It is time to begin thinking about writing the history of Jewish Renewal in America. This is not because the Jewish Renewal movement is over. Quite the opposite: Jewish Renewal, just one generation old, is quickly becoming part of mainstream American Judaism and is now at a threshold moment.
Jewish Renewal is essentially an attempt to revive, recontextualize, and reform Jewish spiritualist movements that have most recently manifested in Hasidism but have roots in premodern Jewish pietism. It is a reformation of Jewish spiritual practice in the spirit of humanism and global consciousness. Most of what has been written about Jewish Renewal-by both insiders and observers-focuses on how it relates to developments within the parameters of Judaism.
People often ask, is Jewish Renewal suigeneris, is it a fad, is it "good for the Jews" or not? In my view, these are the wrong questions. Jewish Renewal is a theology that grows as much out of late twentieth-century America as out of Judaism. It is, perhaps, the second stage of an indigenous American Judaism born in America's transition from late pluralism to multiculturalism following the second World War. (While Jewish Renewal is developing at a fast pace in Israel, the Israeli context is quite different and deserves a separate study.) The right question to ask about Jewish Renewal is this: Will Jewish Renewal provide the beginnings of a new American Judaism that will change the face of Judaism in the twenty-first century? Or will it, like the Hasidic and Mussar movements of the eighteenth and nineteenth centuries, fold back into the strong current of conventionality, serving at best as a chapter in the history of Judaism in America?
Chabad's Spiritual Outreach
The initial groundwork for Jewish Renewal arguably began in 1929 when the sixth Lubavitcher Rebbe, Rabbi Joseph Isaac Schneersohn (1880-1950) traveled to America. Schneersohn saw the dark cloud forming over Europe two decades before the rise of Nazi Germany. A virulent anti-Zionist, he believed America would be the next phase of the Diaspora and the future of Judaism. In America, he created what became the Chabad movement.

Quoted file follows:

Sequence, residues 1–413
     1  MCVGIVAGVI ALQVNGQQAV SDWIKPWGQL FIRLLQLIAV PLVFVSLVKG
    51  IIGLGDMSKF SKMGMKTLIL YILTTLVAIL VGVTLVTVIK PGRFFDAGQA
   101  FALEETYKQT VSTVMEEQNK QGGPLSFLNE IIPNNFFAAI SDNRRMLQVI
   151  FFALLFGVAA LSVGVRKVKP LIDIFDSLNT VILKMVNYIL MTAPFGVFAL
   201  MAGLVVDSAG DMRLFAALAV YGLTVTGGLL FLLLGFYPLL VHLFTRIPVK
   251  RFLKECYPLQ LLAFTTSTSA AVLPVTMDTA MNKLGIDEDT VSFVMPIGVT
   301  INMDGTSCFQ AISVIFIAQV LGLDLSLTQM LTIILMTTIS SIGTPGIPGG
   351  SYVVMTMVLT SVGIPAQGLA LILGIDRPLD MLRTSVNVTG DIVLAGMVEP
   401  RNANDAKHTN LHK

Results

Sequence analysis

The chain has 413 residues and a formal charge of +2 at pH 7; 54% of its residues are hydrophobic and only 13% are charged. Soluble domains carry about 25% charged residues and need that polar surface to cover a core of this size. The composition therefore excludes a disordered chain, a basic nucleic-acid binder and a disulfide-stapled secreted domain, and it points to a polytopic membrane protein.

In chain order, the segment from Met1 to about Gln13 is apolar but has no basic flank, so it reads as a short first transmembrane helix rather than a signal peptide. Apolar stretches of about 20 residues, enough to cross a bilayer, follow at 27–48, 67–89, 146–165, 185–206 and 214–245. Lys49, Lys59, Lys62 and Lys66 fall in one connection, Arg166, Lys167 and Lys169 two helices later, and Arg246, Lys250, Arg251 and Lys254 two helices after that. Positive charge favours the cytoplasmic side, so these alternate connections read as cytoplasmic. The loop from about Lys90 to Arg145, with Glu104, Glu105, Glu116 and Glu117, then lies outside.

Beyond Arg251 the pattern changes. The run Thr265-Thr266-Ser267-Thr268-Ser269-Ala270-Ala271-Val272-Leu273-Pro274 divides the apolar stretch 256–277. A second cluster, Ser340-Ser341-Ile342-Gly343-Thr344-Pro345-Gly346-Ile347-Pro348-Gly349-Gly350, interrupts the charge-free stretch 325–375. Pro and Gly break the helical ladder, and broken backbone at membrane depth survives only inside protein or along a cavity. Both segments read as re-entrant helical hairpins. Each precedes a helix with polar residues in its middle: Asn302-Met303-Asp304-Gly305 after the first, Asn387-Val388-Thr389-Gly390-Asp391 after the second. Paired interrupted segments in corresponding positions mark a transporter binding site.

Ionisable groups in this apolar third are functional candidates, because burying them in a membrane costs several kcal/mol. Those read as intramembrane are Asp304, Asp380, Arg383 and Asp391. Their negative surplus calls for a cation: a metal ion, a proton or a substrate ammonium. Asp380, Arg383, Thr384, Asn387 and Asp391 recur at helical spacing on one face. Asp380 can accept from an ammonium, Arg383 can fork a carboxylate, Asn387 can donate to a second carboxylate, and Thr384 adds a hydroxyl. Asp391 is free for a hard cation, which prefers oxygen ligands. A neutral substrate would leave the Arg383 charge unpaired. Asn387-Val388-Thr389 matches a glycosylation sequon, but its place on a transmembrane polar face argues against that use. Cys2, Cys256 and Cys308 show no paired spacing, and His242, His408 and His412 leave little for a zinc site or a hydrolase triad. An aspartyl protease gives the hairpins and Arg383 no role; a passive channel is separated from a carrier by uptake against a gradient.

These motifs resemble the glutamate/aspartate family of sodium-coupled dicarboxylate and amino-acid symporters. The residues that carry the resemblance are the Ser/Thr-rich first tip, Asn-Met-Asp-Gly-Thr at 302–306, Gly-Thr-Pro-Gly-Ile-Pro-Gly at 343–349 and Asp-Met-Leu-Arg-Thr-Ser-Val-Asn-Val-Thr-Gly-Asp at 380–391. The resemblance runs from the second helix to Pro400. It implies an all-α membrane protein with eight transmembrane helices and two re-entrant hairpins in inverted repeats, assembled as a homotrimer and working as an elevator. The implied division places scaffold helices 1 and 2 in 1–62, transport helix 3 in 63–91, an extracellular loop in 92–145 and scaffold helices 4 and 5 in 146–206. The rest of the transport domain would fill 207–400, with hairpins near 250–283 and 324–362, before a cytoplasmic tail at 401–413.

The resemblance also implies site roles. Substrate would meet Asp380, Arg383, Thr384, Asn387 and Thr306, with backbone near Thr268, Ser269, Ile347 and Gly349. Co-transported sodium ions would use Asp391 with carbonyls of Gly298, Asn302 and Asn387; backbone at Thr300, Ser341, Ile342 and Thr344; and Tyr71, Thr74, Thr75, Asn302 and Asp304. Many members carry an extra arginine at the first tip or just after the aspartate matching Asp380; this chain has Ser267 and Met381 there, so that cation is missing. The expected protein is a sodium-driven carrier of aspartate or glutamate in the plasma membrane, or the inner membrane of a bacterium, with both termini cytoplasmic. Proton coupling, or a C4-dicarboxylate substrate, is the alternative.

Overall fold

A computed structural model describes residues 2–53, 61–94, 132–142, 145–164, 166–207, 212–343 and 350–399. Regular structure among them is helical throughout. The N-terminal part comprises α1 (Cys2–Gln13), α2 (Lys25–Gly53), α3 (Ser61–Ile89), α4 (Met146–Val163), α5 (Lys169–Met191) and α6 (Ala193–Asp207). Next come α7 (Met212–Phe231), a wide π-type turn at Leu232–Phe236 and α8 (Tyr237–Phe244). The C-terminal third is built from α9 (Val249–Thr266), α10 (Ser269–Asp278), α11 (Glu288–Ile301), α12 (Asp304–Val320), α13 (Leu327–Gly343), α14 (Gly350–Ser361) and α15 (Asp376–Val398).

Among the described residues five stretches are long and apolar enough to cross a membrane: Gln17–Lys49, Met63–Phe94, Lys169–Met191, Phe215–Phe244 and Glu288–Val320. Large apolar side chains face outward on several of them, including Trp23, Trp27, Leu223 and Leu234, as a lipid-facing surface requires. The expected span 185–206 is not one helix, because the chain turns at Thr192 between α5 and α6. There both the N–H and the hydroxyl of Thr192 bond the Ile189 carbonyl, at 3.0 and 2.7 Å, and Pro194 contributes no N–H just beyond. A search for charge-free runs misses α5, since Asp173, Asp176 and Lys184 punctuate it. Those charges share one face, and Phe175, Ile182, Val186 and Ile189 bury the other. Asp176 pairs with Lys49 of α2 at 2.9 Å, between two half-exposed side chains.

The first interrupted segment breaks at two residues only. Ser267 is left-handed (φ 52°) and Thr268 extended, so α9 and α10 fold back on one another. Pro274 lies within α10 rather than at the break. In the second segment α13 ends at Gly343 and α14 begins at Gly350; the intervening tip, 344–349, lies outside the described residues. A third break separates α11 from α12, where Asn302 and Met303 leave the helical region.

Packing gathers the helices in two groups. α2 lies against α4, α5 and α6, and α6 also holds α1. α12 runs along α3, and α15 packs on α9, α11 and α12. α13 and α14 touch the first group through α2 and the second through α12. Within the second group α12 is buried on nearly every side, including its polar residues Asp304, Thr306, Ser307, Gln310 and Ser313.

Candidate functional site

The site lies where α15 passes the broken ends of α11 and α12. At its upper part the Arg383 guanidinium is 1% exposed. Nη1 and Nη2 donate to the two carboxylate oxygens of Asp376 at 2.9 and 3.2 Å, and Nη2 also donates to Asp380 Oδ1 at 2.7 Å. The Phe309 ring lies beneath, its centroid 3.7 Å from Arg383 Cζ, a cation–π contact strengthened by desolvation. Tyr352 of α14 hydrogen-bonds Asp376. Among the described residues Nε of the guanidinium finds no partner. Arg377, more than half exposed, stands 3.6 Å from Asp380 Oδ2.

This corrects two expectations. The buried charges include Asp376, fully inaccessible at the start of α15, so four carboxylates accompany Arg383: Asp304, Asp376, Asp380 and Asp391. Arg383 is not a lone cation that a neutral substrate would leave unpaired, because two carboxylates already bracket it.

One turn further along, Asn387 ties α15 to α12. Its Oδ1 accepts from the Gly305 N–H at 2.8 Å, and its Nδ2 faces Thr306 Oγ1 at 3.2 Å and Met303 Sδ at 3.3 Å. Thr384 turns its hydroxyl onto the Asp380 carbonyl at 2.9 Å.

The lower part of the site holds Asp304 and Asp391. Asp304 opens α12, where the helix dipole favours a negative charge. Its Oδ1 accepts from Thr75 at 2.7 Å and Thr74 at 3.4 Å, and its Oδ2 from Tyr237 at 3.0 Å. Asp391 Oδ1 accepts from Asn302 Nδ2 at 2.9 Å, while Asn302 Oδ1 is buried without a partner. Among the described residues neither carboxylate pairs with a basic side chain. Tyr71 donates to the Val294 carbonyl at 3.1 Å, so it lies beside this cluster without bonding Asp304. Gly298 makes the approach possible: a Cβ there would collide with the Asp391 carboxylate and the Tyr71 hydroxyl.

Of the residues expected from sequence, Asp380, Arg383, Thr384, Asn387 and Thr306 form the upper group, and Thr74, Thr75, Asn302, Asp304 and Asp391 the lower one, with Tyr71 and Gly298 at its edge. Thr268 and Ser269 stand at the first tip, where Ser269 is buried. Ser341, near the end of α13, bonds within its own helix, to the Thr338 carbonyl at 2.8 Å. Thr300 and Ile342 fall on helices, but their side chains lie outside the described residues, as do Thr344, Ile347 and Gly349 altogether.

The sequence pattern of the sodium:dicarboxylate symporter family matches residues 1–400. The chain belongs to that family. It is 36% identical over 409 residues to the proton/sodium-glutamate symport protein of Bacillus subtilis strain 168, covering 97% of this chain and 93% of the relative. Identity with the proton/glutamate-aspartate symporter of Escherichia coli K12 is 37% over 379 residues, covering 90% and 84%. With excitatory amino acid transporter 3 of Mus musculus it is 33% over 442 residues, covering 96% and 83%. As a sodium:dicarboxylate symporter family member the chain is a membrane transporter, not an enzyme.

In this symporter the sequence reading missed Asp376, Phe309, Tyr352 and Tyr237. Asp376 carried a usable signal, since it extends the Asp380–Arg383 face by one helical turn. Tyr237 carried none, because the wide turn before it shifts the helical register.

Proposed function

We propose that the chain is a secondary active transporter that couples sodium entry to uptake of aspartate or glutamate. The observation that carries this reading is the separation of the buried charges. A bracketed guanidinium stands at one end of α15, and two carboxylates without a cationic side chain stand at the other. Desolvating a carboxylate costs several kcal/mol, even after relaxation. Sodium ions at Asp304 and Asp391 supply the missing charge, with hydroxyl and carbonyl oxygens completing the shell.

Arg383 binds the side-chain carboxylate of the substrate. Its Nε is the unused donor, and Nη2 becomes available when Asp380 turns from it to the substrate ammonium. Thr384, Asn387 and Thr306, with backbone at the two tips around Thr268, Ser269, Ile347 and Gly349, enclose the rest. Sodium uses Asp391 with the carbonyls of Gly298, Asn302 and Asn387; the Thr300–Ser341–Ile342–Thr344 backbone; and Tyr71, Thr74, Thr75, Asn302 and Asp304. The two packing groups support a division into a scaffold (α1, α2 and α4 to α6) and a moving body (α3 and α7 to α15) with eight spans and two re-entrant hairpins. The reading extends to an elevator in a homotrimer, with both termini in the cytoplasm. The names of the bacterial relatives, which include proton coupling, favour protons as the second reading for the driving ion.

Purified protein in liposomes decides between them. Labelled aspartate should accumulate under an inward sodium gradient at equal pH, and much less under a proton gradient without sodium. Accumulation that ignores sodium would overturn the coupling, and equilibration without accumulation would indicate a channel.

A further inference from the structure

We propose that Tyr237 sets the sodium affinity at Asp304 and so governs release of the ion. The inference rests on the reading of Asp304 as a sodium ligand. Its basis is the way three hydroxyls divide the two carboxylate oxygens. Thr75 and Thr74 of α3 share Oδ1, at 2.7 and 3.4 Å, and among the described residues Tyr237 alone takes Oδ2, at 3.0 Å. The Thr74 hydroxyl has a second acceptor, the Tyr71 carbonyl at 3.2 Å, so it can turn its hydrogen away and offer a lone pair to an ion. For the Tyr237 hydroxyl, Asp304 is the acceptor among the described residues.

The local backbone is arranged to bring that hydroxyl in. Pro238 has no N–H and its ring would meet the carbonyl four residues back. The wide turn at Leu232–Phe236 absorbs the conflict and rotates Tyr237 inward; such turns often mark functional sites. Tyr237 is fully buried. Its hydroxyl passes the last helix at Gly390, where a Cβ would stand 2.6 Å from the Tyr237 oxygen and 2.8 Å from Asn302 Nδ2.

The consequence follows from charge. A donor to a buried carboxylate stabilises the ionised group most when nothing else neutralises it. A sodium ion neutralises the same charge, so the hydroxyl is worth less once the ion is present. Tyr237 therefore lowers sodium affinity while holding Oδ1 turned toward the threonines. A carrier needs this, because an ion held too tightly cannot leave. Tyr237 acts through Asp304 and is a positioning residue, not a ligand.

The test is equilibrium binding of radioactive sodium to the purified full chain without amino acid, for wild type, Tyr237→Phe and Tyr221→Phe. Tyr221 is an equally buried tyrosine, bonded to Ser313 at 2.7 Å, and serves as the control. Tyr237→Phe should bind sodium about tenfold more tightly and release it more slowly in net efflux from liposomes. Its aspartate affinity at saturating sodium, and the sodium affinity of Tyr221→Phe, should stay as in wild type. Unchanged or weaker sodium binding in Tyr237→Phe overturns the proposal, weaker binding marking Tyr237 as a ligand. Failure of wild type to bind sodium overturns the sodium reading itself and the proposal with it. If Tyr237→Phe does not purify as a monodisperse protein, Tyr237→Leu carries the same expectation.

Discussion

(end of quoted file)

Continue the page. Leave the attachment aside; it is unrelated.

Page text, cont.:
The vision of Judaism that dominated Chabad after the emergence of Schneersohn's son-in-law, Menahem Mendel Schneersohn, as the seventh Lubavitcher Rebbe melded classical Hasidic spirituality with an attenuated accommodation to modernity. In the 1960s, American Chabad became the first large-scale American Jewish attempt to reach out to an unaffiliated, alienated, and spiritually charged youth culture. Hasidic nomenclature and metaphysics were employed to interpret contemporary events, while Hasidic spirituality was proffered as a "[ewish" alternative to the spiritual renaissance influenced by Eastern religions. Chabad emissaries envisioned Hasidism as the alternative to counter-cultural spirituality, at least for Jews.
This outreach was not necessarily intended to make more Chabadnikim (Chabad followers)-although this did occur-but rather to proffer a user-friendly and Americanized Jewish mysticism as a tool to foster Jewish traditionalism, distinctiveness, and identity. As much as reaching out to an alienated Jewish-American youth population, Chabad challenged the non-Orthodox influence on American Jews by arguing that Hasidically reconstructed Orthodoxy was the most, if not the only, authentic Judaism. Paradoxically, Chabad succeeded in large part because its particularistic, hegemonic vision of authentic Judaism fed off the multicultural spirit of the late twentieth-century American youth movement. In reaching out to alienated youth, Chabad emphasized the importance of claiming a particular identity within a multicultural environment.
The two figures perhaps most important to the founding of Jewish Renewal, Rabbis Zalman Schachter-Shalomi (Jewish Renewal's acknowledged architect) and Shlomo Carlebach (renowned singer, songwriter, and translator of Hasidism to counter-cultural America), began their religious lives at the forefront of this new Chabad project. …